Stacey Loscalzo

Jan 14

Turn Reluctant Readers into Bookworms

by Stacey

Recently, I’ve been sending articles out into the big wide world for publication. I will be sharing a few of them here over the next few weeks. The article below was recently published in the magazine, Nashville Parent. 

“Turn Reluctant Readers into Bookworms: Three Secrets Revealed”

As most parents imagine, there are secrets to getting your children to love reading. But the secrets are surprisingly simple. Read yourself, read to them and let them read anything to themselves that they want.

We don’t expect our children to learn to drive before they’ve watched us behind the wheel for 17 years. We shouldn’t expect them to learn to read before we’ve read and read and read in front of them and to them. We all know that children do what we do, not what we  say so if we want our children to be readers, we ourselves have to be readers.

And as is true with children, we as adults can read just about anything we want in order model good reading behavior. As long as we are prioritizing reading over other activities, our children will too. If I ever find myself getting too busy to read, I read middle grade or young adult novels. By definition, they can be easier to read but equally if not more thought provoking than adult books.

Some recent favorites include, Ok for Now by Gary Schmidt, Inside Out and Back Again by Thanhha Lai and A Long Walk to Water by Linda Sue Park.

And then read aloud to your children for as long as you can and definitely after they have started to read on their own. Read often during the day, not just at bed time. Keep books all over the house to make this easy. A basket at the breakfast table, a basket in the car, books in your purse.

And read to children who can read to themselves. Children’s listening comprehension and reading comprehension do not converge until the 8th grade. Therefore, you are able to read books to them that they are not yet able to read to themselves. This activity loads their brain with new vocabulary, comprehension skills and a fantastic model of what fluent reading sounds like. Reading aloud sounds too easy but in fact, as Marilyn Jager Adams, author of Beginning to Read states, “Reading aloud with children is known to be the single most important activity for building the knowledge and skills they will eventually require for learning to read.“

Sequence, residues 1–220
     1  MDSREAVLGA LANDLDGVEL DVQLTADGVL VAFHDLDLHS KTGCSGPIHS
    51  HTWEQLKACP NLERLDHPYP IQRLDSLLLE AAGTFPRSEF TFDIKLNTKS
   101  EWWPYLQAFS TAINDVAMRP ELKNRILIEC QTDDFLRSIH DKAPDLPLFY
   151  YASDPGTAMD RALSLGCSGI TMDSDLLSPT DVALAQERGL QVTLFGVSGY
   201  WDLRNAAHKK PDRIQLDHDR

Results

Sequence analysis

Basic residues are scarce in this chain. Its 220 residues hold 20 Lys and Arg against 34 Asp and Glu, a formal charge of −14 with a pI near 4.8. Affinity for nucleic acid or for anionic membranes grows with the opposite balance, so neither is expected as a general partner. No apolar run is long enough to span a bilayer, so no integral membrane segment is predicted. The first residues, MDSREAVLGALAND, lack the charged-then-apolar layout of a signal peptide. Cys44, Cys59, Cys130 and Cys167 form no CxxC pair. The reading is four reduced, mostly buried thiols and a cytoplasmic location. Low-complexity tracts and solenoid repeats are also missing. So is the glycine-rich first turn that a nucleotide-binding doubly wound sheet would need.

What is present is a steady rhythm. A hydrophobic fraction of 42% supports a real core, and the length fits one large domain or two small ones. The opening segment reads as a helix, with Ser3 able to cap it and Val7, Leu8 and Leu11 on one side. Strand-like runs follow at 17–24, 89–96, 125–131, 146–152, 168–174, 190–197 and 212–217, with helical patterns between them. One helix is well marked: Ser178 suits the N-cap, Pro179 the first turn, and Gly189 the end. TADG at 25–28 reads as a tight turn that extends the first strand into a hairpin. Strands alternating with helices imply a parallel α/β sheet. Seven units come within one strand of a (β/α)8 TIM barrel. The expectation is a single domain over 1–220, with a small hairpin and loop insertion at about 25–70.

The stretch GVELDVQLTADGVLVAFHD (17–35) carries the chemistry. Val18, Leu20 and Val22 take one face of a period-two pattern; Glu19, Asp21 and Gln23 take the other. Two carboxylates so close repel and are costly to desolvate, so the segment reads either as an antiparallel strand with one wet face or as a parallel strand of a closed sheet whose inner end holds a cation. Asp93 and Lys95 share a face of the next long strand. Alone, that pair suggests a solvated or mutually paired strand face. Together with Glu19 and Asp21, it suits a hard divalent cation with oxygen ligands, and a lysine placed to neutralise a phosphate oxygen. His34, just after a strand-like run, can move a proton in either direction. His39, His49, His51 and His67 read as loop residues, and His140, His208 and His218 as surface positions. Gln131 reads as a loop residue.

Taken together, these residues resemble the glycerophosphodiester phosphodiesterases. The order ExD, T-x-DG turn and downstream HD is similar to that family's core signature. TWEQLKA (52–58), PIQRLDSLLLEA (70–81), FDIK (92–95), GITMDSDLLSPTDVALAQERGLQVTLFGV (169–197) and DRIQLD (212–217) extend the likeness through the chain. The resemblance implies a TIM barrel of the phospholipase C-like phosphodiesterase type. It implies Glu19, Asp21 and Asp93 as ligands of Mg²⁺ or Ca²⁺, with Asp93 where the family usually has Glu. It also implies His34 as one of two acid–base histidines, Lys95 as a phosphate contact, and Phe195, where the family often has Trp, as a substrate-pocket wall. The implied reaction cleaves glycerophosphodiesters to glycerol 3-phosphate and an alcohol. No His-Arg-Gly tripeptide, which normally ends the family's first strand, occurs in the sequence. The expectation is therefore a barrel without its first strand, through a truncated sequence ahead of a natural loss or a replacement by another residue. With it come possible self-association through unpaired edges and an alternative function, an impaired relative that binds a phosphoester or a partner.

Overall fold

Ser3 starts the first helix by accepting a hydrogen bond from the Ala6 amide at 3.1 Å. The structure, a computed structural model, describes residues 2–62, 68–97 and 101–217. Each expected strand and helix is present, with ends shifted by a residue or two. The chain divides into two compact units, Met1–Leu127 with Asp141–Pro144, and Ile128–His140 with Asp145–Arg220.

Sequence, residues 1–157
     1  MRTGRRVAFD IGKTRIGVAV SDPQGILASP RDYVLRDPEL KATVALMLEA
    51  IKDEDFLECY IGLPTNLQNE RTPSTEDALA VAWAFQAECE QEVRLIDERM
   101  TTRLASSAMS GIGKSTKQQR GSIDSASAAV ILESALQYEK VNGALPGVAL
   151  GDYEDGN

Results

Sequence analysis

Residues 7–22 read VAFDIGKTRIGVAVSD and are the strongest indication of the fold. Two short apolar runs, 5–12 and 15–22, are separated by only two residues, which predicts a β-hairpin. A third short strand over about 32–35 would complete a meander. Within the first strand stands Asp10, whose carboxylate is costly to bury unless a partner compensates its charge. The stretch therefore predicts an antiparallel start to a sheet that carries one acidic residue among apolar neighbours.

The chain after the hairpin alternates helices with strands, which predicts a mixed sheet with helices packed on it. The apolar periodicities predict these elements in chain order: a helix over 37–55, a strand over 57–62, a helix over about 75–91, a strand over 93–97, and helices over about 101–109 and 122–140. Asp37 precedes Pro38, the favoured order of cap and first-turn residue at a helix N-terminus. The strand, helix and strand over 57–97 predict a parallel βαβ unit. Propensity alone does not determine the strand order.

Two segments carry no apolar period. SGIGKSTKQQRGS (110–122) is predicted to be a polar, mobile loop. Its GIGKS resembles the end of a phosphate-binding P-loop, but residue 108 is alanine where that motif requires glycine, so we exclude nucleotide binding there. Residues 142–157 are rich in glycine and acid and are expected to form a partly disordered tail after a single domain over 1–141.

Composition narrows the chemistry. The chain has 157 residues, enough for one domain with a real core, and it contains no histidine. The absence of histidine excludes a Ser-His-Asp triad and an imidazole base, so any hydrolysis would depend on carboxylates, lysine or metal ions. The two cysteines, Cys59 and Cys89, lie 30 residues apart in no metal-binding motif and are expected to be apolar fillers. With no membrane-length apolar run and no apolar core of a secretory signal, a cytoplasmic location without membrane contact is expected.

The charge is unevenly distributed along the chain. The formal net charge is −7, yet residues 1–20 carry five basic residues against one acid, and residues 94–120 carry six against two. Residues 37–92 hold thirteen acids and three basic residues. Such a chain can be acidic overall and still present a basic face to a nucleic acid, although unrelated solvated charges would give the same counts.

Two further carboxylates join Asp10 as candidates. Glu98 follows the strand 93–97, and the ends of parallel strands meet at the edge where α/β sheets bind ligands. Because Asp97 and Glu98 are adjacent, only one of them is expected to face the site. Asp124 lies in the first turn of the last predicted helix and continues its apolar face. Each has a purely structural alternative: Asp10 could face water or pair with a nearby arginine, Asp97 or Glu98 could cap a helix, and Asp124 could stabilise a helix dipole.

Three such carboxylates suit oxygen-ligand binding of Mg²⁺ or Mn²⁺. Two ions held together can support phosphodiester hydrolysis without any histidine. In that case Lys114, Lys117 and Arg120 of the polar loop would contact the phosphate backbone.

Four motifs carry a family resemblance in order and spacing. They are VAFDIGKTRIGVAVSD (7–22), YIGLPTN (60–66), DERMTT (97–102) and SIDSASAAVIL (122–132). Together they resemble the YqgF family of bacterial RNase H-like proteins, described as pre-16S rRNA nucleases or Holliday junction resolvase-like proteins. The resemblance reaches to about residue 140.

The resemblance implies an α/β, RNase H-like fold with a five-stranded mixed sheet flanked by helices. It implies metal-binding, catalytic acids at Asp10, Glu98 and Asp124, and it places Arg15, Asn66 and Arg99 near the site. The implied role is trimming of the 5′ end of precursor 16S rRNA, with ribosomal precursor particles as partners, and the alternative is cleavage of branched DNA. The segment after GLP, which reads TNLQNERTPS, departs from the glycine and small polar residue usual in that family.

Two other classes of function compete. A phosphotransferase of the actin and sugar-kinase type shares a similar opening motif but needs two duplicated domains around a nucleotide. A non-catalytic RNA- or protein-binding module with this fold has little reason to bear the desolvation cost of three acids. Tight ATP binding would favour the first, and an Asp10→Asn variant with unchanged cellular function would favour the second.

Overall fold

Browse children’s literature blogs to find great read aloud titles. There are tons of them but my current favorites are Seven Impossible Things Before Breakfast, Playing by the Book and A Fuse #8 Production.

Research shows that to be strong and avid readers, children need to read a lot. One study reports that proficient fourth grade readers read for at least 2 and a half hours a day while the poorest fourth grade readers read for only half an hour a day.

Often we look for magic bells and whistles to get our non-readers reading when the solution is so simple. Let them read.

Literally think in terms of quantity not quality, at first. Jim Trelease, author of The Read Aloud Handbook states, “[Research] demonstrates the powerful role that recreational “lite” reading…plays in developing good and lifetime readers. Is it classic literature? Of course not. Does it have a better chance of creating fluent readers that the classics would? Definitely. And can it eventually lead to the classics? Yes, and certainly sooner than would The Red Badge of Courage.” So let kids read series books, comic books, e-books. Literally whatever they want.

My favorite places to go to find great titles that children love include the Children’s Choices Project (yearly lists of books kids love are posted as far back as 1998) and the Cybils Awards list, which this past year added an entire category for book apps.

With secrets revealed, parents can do simple things to encourage their children to read. Without the pressure of flashcards and tutors both parents and children alike can rediscover the joy of a good story and time spent sitting still.







  1. Jules says:

    NASHVILLE Parent?! I gotta go grab a copy!


  2. Jules says:

    And, oh, I just noticed you mentioned 7-Imp. Aw, thanks!

  3. Joanna says:

    Congrats on your article – such sound, true advice!

  4. […] Look! It’s kicker and Children’s Literacy Consultant extraordinaire Stacey Loscalzo in Nashville Parent magazine, saying wise things (as she very often […]

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